Since then, now as an outsider looking in, I have only heard those rumbles grow, and have seen more people leave.  I wondered how much of my own discontentment there had been a result of my own overinflated sense of self-importance or selfishness.  Was my imagination making mountains out of molehills?

Well, as of recently, that church has begun to tread a disturbingly familiar path.  With the unfolding of a recent major development, sides are being chosen and battle lines drawn.  Years-old frustration now bubbling to the surface has combined with anger over the immediate scandal to create a deep hostility from many current and former members toward a leadership they feel won’t respond to their concerns. Surprise:  Questions are being asked, letters sent, and meetings held.  Rather than addressing these concerns openly as shepherds of the flock, the leadership appears to be retreating to the safety of their legal rights (including resorting to lawsuits to attempt to silence the dissenters).

I’ve said it before, and I’ll say it again:  As an EX-member of the church, I don’t really have a dog in this fight.  I write this not to choose a weapon and a flag under which to fight, but to wave a white flag of warning.  I hope this church will rethink its strategy.  I have personally seen what happens when leaders become so embroiled in their “rights” that they alienate the flock.  It is scarcely of any value to our Lord to hold our ground and win our battles when the price is that we have nothing of any value to come home to after the victory.  Signs are prevalent that the church is in the process of being torn asunder.  I pray that God will grant to us all the wisdom and clarity of purpose to keep that from happening.

Peace — Bruce

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The Storm

I know a man who has recently found himself in the middle of a whirlwind.  He is surrounded by a vortex of rumors and accusations, and facing scrutiny from legal, professional, and personal perspectives.

I don’t know this man well, and I have had no recent conversations with him.  Therefore, I am in no position to claim to know anything about what he is thinking or feeling about the storm in which he finds himself.  Nor is it my intent to speculate, or even speak, about his situation.  Enough people are doing so already.  Nothing will be gained by me injecting my own noise into the fray.

Some of you will by now have figured out exactly who I’m talking about.  If so, please refrain from commenting on this in any way that will reveal more than I have tried to share discreetly for the sake of context.  If you don’t know who I’m talking about, that’s good.  You don’t need to know.  The lesson is valid without knowledge of the specifics.

But what I will do is share a few words about my own experience, in hope that the few who will read these words will be encouraged to look with fresh eyes at anyone who is in their own storm, but may not have a lot to say about it.  The storm in which this man is embroiled is real, with real importance and real consequences.  Most of us, however, are not in any position to speak authoritatively regarding how the situation should play out.  Let those of us who are really at best spectators leave that hard work to the coaches and the players on the field.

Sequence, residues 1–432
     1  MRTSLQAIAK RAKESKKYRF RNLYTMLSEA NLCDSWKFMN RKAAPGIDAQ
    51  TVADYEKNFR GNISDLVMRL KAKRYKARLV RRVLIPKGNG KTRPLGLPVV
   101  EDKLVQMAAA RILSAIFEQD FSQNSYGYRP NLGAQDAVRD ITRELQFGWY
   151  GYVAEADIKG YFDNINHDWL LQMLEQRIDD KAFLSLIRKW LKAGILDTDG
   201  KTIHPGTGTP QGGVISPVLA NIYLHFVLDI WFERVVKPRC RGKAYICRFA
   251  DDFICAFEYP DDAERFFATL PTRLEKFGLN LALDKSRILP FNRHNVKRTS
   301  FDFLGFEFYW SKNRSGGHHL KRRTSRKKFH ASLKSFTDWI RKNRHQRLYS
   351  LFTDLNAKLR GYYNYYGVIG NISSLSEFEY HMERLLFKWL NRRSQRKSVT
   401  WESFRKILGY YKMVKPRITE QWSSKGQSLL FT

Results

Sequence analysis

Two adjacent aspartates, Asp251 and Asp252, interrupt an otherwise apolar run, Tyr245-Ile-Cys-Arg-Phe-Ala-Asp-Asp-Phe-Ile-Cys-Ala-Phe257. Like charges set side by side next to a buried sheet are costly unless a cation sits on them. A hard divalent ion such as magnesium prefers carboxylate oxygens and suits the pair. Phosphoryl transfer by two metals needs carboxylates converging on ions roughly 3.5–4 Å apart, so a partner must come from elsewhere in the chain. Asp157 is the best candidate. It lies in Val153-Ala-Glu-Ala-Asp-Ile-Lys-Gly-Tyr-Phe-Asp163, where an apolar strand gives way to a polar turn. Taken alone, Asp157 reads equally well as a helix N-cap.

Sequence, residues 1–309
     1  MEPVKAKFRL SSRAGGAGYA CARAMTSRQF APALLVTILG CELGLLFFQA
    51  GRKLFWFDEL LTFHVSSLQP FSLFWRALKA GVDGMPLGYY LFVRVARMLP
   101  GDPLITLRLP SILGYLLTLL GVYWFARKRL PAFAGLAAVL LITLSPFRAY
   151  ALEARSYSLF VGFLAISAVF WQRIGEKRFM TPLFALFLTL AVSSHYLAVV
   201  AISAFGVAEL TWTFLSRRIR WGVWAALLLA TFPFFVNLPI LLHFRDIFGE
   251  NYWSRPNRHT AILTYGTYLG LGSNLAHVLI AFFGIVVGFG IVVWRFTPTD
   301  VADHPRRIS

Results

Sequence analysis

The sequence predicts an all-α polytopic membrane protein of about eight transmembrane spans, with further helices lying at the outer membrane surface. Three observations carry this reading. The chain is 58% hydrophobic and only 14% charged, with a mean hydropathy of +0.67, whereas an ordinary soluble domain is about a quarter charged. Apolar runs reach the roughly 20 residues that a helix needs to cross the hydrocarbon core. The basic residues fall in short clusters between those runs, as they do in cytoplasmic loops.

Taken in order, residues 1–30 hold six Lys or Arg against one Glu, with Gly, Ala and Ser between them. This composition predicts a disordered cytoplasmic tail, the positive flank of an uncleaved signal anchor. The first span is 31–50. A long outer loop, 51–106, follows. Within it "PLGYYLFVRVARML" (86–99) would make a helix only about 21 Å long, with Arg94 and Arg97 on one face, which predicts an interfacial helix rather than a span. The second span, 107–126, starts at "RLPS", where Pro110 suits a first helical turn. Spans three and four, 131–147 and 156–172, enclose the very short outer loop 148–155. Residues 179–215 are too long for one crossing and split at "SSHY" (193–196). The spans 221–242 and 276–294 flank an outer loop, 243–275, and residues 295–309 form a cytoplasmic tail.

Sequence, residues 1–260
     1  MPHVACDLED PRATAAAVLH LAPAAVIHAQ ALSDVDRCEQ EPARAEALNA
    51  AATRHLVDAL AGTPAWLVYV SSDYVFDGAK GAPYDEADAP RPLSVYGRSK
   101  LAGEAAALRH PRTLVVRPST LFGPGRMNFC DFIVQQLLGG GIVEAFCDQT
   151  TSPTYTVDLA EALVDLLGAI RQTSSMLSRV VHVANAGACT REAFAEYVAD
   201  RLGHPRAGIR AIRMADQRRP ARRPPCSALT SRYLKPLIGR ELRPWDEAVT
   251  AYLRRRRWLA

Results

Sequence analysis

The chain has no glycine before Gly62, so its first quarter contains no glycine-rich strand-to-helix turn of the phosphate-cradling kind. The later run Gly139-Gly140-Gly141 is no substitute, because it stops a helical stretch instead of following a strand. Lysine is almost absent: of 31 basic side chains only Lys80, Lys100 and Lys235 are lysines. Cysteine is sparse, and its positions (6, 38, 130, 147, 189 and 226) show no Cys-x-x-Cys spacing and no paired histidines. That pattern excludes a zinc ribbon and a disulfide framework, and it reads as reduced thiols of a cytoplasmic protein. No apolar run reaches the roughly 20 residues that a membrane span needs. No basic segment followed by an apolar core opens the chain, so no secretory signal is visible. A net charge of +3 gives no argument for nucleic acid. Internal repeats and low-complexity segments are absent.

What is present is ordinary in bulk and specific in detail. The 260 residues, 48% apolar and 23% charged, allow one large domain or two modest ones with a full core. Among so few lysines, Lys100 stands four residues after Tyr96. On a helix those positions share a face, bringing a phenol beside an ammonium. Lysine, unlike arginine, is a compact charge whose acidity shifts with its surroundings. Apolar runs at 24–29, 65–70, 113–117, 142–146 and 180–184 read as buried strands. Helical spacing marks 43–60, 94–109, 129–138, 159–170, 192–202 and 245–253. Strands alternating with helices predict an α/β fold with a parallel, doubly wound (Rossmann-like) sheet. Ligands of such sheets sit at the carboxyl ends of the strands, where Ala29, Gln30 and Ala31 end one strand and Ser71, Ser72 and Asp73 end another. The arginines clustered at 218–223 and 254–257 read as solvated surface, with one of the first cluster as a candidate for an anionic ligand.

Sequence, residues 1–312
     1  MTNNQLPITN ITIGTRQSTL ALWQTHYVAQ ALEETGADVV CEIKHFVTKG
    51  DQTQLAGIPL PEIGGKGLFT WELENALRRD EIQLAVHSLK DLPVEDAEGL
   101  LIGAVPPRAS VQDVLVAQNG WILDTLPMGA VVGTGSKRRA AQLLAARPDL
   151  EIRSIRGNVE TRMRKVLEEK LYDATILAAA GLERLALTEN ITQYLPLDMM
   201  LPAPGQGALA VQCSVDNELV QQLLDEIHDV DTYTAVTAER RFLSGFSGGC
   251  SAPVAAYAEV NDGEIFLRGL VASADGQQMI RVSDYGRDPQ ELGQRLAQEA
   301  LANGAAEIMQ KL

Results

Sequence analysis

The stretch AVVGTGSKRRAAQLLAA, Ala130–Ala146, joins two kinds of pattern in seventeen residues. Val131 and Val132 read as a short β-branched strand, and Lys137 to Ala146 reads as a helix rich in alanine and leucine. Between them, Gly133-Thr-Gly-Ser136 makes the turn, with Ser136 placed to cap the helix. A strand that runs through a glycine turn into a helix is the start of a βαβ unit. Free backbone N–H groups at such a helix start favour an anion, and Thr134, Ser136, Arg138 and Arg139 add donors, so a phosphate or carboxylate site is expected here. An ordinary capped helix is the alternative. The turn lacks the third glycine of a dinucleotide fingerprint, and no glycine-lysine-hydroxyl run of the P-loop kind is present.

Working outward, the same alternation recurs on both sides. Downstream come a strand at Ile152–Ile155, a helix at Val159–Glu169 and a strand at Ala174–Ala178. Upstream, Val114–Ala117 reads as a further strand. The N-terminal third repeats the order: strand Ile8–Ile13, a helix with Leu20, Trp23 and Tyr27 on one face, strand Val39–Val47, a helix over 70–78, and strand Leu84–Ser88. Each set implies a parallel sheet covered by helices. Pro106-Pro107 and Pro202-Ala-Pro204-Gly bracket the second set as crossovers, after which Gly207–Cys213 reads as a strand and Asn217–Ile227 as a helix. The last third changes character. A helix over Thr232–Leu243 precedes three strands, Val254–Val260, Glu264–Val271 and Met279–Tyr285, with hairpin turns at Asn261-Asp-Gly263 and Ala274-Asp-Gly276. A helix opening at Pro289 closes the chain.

Maybe I digress.  My family has told me for years that I always try to over-explain everything.

A couple of years ago I found myself in my own storm.  In my case, it was a storm of my own making.  I brought it on myself, and my silence about it very nearly cost me my life.  I was an alcoholic – a closet alcoholic.  I very nearly drank myself to death without anyone ever knowing I had a problem.  As I grew sicker and sicker, weaker and weaker, I realized that I was surely going to die – and yet even then I couldn’t bring myself to confess to my family, my friends, my doctor, my employer, and my church that I needed help.

While my external self bravely tried to go on as though nothing was wrong, internally I felt the walls closing in like the inside of a trash compactor, ready to smash the garbage that I had become.  All I could do, emotionally, was cower in the corner and pray it would all go away.

The story of how I escaped the compactor is long, mostly anguishing, yet sometimes even funny.  I won’t attempt to share it in detail here.  Suffice it to say that after very nearly dying, God brought me out the other side to begin a long and hard recovery.  The difficulty of the recovery does not relate directly to alcohol.  I have never had to rely on the tried and true “one day at a time” encouragement.  Since my last drink on April 23, 2013, I have honestly not had a single real craving for alcohol.  The difficulty has been in the physical and emotional recovery, trying to find out again who I am, what I can really do, how I am to regain the trust of my family, and how I am to pick up my life and move on with it now that I am sober.